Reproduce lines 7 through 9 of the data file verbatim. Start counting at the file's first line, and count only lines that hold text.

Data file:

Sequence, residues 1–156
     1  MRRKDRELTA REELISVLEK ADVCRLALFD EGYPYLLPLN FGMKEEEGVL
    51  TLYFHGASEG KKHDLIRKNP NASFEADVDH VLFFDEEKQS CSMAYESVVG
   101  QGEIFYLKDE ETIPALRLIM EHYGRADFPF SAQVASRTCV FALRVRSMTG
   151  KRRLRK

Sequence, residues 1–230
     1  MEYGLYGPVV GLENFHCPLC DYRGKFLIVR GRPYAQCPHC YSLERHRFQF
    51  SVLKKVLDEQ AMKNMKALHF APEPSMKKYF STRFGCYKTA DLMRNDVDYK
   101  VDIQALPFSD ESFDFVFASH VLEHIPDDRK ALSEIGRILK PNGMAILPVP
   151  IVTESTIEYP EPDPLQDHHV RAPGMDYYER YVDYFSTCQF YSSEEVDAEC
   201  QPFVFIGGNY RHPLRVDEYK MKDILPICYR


     1  MEYGLYGPVV GLENFHCPLC DYRGKFLIVR GRPYAQCPHC YSLERHRFQF
    51  SVLKKVLDEQ AMKNMKALHF APEPSMKKYF STRFGCYKTA DLMRNDVDYK
   101  VDIQALPFSD ESFDFVFASH VLEHIPDDRK ALSEIGRILK PNGMAILPVP